Guessing Race

People say we need to cite more women of color in our scholarship. I have a practical question. I can guess who’s a woman from the scholar’s name. How can I figure out if she’s of color? In Hispanic studies, the name is useless in this regard.


23 thoughts on “Guessing Race”

  1. Didn’t you know? It’s now standard practice to dig up every little detail about every single scholar you cite.

    I kid. That would be a ridiculous and impractical waste of time. And then how do you know if they consider themselves to be women of color? If you think they might be, but you don’t know, do you cite them anyway? Is there a database (disregarding potential privacy issues)? If someone is not in the database, can you not cite them because they are not specially defined as a person of color?

    Shouldn’t citations be the most relevant to the topic, and not picked for the sake of being inclusive? I know for me, it would be insulting if my paper were picked solely for the sake of being a woman. Such a selection would tell me that my work doesn’t stand on its own, and that the only reason I got cited was because someone decided it would be best to be inclusive. Add to that the fact that a lot of the time academic papers (and plenty of books) just include the author’s first initial or two and the last name, and how can you guarantee that you’re citing a woman, let alone a woman of color?


    1. Among Hispanic people, the concept of POC doesn’t have much currency. And it would be the height of rudeness to ask people how they identify racially.

      One could research academics on social networks but many don’t do FB or LinkedIn.

      And that’s leaving aside the question of whether they’d welcome such inquiries. Once an administrator at my University asked me if I was Ashkenazi or Sephardic for a report he was making. I didn’t like that question at all.


      1. Come on, why are you worried about the administrators of a state institution making detailed lists of all the Jews? What could possibly go wrong?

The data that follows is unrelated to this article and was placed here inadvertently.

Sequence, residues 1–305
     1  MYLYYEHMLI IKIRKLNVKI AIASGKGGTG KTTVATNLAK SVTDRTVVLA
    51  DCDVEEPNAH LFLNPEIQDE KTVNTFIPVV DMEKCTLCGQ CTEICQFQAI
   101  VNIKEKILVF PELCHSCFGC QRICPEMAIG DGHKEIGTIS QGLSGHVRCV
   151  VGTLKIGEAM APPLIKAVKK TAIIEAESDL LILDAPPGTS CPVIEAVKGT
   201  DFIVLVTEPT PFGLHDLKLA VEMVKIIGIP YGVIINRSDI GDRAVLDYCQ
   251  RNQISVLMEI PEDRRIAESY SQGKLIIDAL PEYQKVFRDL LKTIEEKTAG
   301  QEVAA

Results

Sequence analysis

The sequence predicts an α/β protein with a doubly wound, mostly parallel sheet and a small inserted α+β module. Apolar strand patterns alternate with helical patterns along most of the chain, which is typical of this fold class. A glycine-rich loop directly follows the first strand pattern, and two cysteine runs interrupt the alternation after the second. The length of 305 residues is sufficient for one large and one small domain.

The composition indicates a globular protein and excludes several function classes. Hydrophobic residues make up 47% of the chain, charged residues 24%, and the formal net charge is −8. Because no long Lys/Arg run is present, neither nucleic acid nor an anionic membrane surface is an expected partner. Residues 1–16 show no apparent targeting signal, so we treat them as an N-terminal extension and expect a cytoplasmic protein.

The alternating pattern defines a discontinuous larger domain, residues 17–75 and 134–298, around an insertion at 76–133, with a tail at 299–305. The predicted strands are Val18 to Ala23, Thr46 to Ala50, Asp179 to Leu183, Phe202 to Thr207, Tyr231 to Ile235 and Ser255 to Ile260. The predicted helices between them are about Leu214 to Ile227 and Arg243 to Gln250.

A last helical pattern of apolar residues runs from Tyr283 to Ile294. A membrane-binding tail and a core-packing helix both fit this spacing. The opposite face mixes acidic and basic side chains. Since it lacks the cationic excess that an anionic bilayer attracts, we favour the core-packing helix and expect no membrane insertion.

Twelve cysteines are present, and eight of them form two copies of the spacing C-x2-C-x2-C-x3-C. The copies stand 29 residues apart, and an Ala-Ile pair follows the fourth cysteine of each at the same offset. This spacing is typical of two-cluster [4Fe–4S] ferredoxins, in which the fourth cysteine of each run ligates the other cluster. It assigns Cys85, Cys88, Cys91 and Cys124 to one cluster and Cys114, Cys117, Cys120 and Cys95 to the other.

2. Yeah, there are a lot of cultures/regions where the white/of color line is blurry. Are pale Iranians white? Darker-skinned Greeks with some ancestors from various parts of the old Ottoman empire? Are southern Spaniards white? What if some of their family is Moroccan?

    If we say “Hispanic” is just some special category where we accept that these classifications break down, but we still insist on these classifications otherwise, then are Catalonians Hispanic and exempt from classification, or are they white? What if they have ancestors from all over the Mediterranean?


  3. Don’t you know that all Hispanics are “people of color” (read articles about actresses Eva Longoria and Sofia Vergara, both paler than Hillary) unless they’re considered evil by the media.

    Then they suddenly become “White Hispanics,” like George Zimmerman and the current Florida school shooter Nikolas Cruz.


  4. I am pretty sure this is to be done according to the official categories in the US census. In which case all people of Spanish culture including those from European Spain are considered to be “People of Color” regardless of how white they are. Anybody from a predominantly Spanish speaking culture is considered a POC including people of Volga German ancestry from Argentina. So by definition anybody with a Spanish surname as well as anybody else from a Spanish speaking country is a POC. People of Middle Eastern descent except those from Spanish speaking America are considered white. So all Turks, Persians, Arabs, and Berbers that are not either Black in skin color or born in a Spanish speaking country are white. Brazilians that are not Black, Asian, or indigenous are considered white including those of Lebanese and other Middle Eastern descent.


            1. What is not true is that Hispanics are classified as “non-white” by the census, and that “People of Color” is a census category. That is what you originally claimed. The census allows for white Hispanics. This makes sense because Hispanic is a category of language, not race or ethnicity. You may be confusing these categories with other categories like “underrepresented minorities.” For example, in some contexts, Asians are minorities but not “underrepresented.”


              1. And no. I have been in Spanish departments my whole life (well, since age 16) and have never heard a white Argentine or Spaniard referred to as a POC, or refer to herself or himself as one. It has absolutely nothing to do with the census.


  5. “I don’t think POC is a census category at all.”

    It isn’t. As used in America today, it’s a political/social-justice term that simply means “everybody in the world except white people.” It’s a way of saying “non-white” without sounding exclusionary or condescending.

    But if you lump everybody in the world who isn’t white (blacks, Asians, Native Americans, Inuit, etc., etc.) together as as single group, they really have exactly one thing in common — the fact that they aren’t “white.” So then you have to define what “white” means.

    Many far-left “progressive” writers today use the terms “POC” and “white” as code words for “history of oppressed/colonized/subjugated/powerless” versus “oppressors/conquerors/imperialists/people in power.”

    So the term has as much to do with identity and victim politics as it does with race.


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